More than a quarter of Holocaust and genocide survivors in the UK have been targeted because of their religion or ethnicity, a survey indicates.
Some 27% of survivors polled by the Holocaust Memorial Day Trust (HMDT) said they had experienced discrimination or abuse linked to their religion or ethnicity, with more than a third of their relatives experiencing race or faith-linked hatred.
In contrast, most of the survivors asked (72%) said they had felt very or fairly welcome when they first arrived in Britain to rebuild their lives.
Martin Stern came to the UK in 1950 aged 12 after surviving two death camps, and experienced anti-Semitic bullying and name-calling while at boarding school.
Since then he has not personally been subject to anti-Semitic attacks, but he knows Jewish people in his community who have to walk a different route home for fear of abuse in the street.
The 78-year-old said: "I live in Leicester, and it has repeatedly happened that Jews who wear orthodox clothing, visibly identified as Jews, have had anti-Semitic abuse shouted at them in the street, and in one case I believe been physically attacked.
"Very few Jews in Leicester go around dressed like that. Considering how little that happens, within that small group it does seem to be rather common."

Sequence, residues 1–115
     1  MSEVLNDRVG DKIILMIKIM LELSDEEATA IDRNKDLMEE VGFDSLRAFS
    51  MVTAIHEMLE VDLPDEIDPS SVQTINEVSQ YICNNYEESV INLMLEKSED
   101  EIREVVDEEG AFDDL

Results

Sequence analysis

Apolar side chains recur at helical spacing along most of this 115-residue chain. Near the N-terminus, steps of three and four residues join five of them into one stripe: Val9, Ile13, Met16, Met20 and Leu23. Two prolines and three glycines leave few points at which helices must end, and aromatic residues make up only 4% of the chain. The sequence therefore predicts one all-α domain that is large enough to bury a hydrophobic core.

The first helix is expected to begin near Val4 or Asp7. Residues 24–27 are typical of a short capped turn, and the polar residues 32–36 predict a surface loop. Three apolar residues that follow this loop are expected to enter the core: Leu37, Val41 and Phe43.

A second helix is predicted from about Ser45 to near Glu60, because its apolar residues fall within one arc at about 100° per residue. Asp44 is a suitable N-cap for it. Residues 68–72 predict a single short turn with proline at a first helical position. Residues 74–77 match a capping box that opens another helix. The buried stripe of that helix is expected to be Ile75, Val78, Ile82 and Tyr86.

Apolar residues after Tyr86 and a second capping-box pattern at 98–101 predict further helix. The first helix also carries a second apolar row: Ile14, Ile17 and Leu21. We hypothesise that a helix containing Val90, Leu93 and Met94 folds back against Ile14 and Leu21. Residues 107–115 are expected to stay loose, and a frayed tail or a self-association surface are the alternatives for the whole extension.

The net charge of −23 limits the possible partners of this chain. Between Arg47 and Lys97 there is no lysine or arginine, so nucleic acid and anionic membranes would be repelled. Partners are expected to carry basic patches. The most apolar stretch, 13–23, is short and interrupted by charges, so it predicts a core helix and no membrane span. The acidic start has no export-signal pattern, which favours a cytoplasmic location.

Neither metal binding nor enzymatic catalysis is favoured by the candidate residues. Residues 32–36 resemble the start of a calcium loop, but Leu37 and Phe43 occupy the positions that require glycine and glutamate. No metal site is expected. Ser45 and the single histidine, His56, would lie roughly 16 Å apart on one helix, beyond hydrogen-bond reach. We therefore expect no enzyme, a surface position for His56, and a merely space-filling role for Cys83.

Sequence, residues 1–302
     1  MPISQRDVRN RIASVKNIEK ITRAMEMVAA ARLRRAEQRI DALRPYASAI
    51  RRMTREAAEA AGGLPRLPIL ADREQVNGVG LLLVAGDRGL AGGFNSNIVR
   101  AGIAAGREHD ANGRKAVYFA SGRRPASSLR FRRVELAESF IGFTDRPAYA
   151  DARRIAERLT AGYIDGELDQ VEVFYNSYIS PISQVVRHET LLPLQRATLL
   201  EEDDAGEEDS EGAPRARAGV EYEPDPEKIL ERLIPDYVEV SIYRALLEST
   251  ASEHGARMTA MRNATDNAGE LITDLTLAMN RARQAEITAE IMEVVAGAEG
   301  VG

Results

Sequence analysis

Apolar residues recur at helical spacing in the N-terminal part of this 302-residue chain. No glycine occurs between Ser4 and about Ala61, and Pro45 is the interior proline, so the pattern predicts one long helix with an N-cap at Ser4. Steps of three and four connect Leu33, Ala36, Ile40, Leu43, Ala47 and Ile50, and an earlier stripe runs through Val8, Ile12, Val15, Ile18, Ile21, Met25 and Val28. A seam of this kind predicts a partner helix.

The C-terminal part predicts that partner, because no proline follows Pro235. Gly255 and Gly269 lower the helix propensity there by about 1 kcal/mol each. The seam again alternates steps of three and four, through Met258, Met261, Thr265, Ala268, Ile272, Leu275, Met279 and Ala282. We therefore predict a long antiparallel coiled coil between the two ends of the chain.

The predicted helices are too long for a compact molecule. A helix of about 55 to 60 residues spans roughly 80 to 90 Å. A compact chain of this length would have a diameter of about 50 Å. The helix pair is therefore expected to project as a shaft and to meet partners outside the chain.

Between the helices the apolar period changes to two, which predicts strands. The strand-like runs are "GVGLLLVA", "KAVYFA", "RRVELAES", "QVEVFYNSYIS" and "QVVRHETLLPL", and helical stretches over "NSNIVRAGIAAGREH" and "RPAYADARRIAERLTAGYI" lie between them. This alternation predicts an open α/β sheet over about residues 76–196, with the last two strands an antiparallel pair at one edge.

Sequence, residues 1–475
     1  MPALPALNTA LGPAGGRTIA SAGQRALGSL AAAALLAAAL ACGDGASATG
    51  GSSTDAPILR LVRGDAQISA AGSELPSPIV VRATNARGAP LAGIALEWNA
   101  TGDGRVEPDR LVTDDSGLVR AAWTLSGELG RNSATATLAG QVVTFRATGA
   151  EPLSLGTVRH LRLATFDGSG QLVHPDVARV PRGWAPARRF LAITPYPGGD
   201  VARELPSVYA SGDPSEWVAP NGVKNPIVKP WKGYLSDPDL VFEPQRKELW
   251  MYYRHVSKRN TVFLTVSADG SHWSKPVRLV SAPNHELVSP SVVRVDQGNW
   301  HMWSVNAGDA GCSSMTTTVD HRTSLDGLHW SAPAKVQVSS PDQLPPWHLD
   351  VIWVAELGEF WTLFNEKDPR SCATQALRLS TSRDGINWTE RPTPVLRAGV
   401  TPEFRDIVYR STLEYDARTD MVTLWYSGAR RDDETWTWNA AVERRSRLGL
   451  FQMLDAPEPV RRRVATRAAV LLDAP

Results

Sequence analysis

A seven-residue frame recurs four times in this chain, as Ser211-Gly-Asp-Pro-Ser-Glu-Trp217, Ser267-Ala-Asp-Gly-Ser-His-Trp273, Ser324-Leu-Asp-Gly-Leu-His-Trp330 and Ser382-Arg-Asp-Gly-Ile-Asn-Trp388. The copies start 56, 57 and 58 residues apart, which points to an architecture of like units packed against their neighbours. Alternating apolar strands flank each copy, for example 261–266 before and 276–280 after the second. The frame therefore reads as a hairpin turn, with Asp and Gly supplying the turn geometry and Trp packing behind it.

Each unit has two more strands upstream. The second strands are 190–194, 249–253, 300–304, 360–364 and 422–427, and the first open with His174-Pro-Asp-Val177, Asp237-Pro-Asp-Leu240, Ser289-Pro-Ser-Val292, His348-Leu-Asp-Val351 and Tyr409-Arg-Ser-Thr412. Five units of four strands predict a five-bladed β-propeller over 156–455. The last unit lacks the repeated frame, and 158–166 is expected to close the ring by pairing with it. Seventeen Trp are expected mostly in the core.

He added that he felt anti-Semitic beliefs had evolved since he came to the UK and that crude stereotyping had largely been replaced by a distorted thinking that has become "completely acceptable" in large parts of society.
Some 208 survivors of the Holocaust and subsequent genocides, including in Rwanda, Cambodia and Bosnia, and 173 family members, were polled by YouGov on behalf of HMDT.
Around half of the survivors (52%) said they waited for more than 20 years before starting to talk about their experiences, with 60% motivated to break their silence by a desire to help wider society understand what happened.
Chief executive of the trust, Olivia Marks-Woldman, praised the strength of those who were "determined to share their stories to help tackle intolerance and prejudice".
She said: "It's shocking to think that these individuals, having survived some of the very worst acts in human history, have experienced hatred and discrimination on the streets of the country that is now their refuge.
"While many acts of hate are defined as crimes in the UK, the fact that persecution on the grounds of faith or race has continued, serves as a valuable reminder of how vital Holocaust Memorial Day is, and how as a society we must reflect on what survivors' experiences can teach us, in order to build a better future."
The HMDT findings come as Communities Secretary Sajid Javid announced £375,000 of new funding to further encourage the reporting and prevention of hate crime.
The money will go to a range of organisations working with faith and minority communities that have historically faced challenges in reporting hate crime.
Speaking at The Anne Frank Trust annual lunch, Mr Javid said: "Holocaust Memorial Day is a stark and important reminder of what can happen when hate and intolerance spirals out of control and specific groups are targeted simply because they are different."